Oh yeah, I used to do work for a feng shui instructor, so I know the kitchen is the love center of my house according to that tradition. Just something I've been thinking about while I wonder about my absent spiders.

The spider tin was created for Firefly Fandango. It may be a stretch for "atmosphere", but I figured it was time for an update about my disaster relief. I like the word for the week, so may attempt a second post if I can stop trying to get the house in order -- but then, the house is my atmosphere.

Friday, August 13, 2010


There are people who might be surprised that I'm patriotic. I get ticked at my politicians on a regular basis, and have been a pacifist since I watched TV as a child and saw other children running from explosions in Viet Nam. There simply has to be better ways of solving the world's problems than blowing people and places up.

Don't get me wrong -- I believe in our right to self-defense, but wars with Iraq and Afghanistan make less sense than blowing up Saudi Arabia if we're actually retaliating for 9/11. But like I said, I'm a pacifist. I don't want to blow up anybody, and I don't want our soldiers blown up either. It hurts me to see young people without arms, legs, or faces because of the stupid decisions made by people in power for oil interests. Rich people get richer, and everybody involved suffers. The rest of us are supposed to buy cars and stuff to help the economy and avoid looking at that man controlling things behind the curtain.

On the other hand, my country right or wrong -- right? America isn't just the flawed people in Washington or greedy corporations or fruit loops in Waco, Texas or whatever other crackpots you might want to point to that live here. America is an ideal of freedoms. Believe in the religion of your choice, or don't believe in one at all. Every child is given a basic education and libraries are free. Anyone can go to college and study the career of their choice and abilities. In theory anyway, none of us is limited by our caste in life. The streets may not be paved in gold, but we do provide opportunities. It isn't all given to you, but you have the guaranteed right to work towards your own happiness. We have the right to say what we want and to create pictures of anything we want, even if it criticizes the government itself.

My sense of patriotism runs deep. My ancestors have fought in America's wars since the first war against the British, and I even had relatives who signed the Declaration of Independence. My relatives fought on both sides of the Civil War, in both world wars, Korea, the Gulf, etc. I feel obligated to support the people who are willing to die for our freedoms and the greater good, but that doesn't mean I have to support the politicians that send them in the line of fire in the first place. And as an American woman, I do have the right to vote. I think there are a lot of Americans who share my views, but we are the quiet majority who seldom get heard in the news.

My flag is painted in acrylics. There are 13 smaller stars representing the original colonies with a large star symbolizing the unity between the states. Or maybe the big star is for Ohio, because obviously, that's the best state. Anyone who says different is clearly deluded and/or prejudiced, or looking for a fight. Which kind of gets to the point of patriotism. It's love of home, wherever your home is. I'm just lucky that I get to call America and Ohio home.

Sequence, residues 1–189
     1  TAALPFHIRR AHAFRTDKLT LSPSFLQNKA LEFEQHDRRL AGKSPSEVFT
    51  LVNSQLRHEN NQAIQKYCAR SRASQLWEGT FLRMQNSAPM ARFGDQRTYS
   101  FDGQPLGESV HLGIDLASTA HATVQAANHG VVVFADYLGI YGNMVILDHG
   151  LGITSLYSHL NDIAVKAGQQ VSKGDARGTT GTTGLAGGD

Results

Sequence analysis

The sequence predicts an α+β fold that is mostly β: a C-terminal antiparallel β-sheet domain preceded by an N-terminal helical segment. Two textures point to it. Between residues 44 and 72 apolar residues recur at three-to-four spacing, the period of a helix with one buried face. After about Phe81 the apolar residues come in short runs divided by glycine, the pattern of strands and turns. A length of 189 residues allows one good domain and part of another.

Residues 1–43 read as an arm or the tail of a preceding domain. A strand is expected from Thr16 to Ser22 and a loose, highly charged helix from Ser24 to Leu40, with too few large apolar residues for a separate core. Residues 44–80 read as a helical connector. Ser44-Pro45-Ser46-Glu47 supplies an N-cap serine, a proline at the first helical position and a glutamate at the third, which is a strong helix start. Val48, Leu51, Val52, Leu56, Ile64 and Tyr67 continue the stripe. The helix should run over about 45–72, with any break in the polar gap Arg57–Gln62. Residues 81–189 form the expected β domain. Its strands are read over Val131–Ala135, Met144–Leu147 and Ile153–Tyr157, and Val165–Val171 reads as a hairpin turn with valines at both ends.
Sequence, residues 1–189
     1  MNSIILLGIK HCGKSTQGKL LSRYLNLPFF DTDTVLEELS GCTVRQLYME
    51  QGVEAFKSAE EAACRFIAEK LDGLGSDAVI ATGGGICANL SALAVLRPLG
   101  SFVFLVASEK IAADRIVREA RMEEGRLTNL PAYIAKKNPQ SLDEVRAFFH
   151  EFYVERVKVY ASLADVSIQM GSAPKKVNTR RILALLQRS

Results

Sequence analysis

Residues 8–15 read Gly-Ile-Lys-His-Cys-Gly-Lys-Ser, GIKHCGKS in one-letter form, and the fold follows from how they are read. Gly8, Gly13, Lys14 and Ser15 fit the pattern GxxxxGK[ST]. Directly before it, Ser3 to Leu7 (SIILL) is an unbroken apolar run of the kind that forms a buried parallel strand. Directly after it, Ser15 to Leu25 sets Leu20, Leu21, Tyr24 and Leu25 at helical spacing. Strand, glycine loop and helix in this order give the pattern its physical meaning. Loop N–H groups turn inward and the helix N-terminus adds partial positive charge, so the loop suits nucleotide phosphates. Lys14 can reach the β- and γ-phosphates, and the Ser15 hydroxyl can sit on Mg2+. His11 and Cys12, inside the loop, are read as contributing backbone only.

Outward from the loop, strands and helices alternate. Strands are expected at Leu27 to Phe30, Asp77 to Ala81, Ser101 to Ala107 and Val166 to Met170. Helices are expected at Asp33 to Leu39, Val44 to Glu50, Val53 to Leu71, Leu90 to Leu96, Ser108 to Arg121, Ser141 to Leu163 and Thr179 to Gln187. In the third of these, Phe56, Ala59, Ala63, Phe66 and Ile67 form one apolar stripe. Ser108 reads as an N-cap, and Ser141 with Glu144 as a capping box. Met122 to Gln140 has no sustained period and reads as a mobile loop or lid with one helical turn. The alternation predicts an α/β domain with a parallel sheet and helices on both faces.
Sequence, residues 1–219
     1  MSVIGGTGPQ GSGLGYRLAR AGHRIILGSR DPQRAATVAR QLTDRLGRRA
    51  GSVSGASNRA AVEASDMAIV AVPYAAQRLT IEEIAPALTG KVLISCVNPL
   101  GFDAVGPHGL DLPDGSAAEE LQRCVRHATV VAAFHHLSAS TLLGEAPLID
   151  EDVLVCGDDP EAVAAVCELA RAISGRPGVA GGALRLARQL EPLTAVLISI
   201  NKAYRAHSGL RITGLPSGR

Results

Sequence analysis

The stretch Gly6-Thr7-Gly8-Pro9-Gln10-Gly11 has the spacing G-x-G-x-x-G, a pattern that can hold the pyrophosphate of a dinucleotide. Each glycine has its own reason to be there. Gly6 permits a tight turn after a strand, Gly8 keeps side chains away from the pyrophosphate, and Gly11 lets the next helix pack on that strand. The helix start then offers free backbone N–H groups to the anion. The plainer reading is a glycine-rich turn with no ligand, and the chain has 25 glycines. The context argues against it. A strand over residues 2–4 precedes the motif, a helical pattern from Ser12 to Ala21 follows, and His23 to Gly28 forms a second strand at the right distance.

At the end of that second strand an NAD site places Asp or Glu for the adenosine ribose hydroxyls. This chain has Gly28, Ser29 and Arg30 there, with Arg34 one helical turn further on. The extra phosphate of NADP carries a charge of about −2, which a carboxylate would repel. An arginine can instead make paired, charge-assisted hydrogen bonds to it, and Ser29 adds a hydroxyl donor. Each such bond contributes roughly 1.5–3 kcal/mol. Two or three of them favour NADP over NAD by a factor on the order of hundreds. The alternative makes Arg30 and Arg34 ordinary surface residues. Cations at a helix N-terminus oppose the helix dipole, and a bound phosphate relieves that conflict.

Friday, August 6, 2010


What can you do if you cage a hawk?
Broken wings beating in fury against false walls
She will break herself before being broken
In an unfair prison.

A tethered leg bound to a stump,
Broken wings bound,
Glassy eyes glaring in mistrust,
Flashes of hate piercing your skin.
She would kill you, blind you, hurt you
If she had a chance.

She hangs her drugged head, and
Her broken heart pounds painfully.
Inside hard bandages and soft feathers
Longing, gasping, waiting
For her chance to break loose.

She wants more than vengeance.
She wants the songs and silence of the sky.
So close to God,
So near her soul,
Where she belongs,
Where she rules supreme.


-- The art was created for Lake Metroparks' Wildlife Rehabilitation Center as part of a fundraising campaign. The poem was not.

Tuesday, August 3, 2010


Anything artificial isn't real. It's false. It's a lie. It's a deception to fool us into thinking that orange drink is something like orange juice, even though it's full of sugar, chemicals, and manufactured vitamins.

I've tried a number of starts for this topic of the week, and found them all rather depressing. It's just my nature to look for honesty in people and things. I want to look for the good around us instead of being sucked into thoughts of artificial things created in China with plastic made possible with Middle Eastern oil -- which then gets shipped around the world for purchase at Wal-Mart. I don't want to think about artificial people either. You never really know where you stand with them. I'd rather hear unpleasant truths than try to figure out what someone else might be doing or saying behind the scenes.

Fishing flies are artificial in another way. They are created to mimic things fish want to eat. Creating them can be an art form in itself, and I started painting them instead of fishing after meeting a Japanese couple in Yellowstone. We didn't understand anything the other said, but the man showed off his fishing flies, which were exquisite faux grasshoppers and other bugs. I'd still go fishing if I were hungry enough, but I'd rather order fish at a restaurant off the menu than cut off somebody else's head.

This is watercolor with rice paper on the border. I'm hoping next week's word is something nicer like "natural".